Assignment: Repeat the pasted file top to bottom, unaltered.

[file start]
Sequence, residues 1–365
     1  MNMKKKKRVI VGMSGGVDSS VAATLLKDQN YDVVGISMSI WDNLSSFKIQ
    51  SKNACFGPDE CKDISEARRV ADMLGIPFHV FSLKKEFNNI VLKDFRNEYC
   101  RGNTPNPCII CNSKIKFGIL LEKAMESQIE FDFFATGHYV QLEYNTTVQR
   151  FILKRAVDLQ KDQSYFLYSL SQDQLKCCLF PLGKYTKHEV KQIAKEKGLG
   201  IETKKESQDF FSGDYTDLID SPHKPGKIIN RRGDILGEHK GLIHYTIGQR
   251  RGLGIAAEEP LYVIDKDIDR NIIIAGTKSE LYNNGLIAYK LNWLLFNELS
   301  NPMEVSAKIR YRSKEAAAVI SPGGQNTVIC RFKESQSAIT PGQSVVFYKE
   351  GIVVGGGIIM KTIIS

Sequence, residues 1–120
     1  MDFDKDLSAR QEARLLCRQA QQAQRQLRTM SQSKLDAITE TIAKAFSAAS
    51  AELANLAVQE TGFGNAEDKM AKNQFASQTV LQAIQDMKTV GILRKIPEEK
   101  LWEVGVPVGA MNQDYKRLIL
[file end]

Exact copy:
Sequence, residues 1–365
     1  MNMKKKKRVI VGMSGGVDSS VAATLLKDQN YDVVGISMSI WDNLSSFKIQ
    51  SKNACFGPDE CKDISEARRV ADMLGIPFHV FSLKKEFNNI VLKDFRNEYC
   101  RGNTPNPCII CNSKIKFGIL LEKAMESQIE FDFFATGHYV QLEYNTTVQR
   151  FILKRAVDLQ KDQSYFLYSL SQDQLKCCLF PLGKYTKHEV KQIAKEKGLG
   201  IETKKESQDF FSGDYTDLID SPHKPGKIIN RRGDILGEHK GLIHYTIGQR
   251  RGLGIAAEEP LYVIDKDIDR NIIIAGTKSE LYNNGLIAYK LNWLLFNELS
   301  NPMEVSAKIR YRSKEAAAVI SPGGQNTVIC RFKESQSAIT PGQSVVFYKE
   351  GIVVGGGIIM KTIIS

Sequence, residues 1–120
     1  MDFDKDLSAR QEARLLCRQA QQAQRQLRTM SQSKLDAITE TIAKAFSAAS
    51  AELANLAVQE TGFGNAEDKM AKNQFASQTV LQAIQDMKTV GILRKIPEEK
   101  LWEVGVPVGA MNQDYKRLIL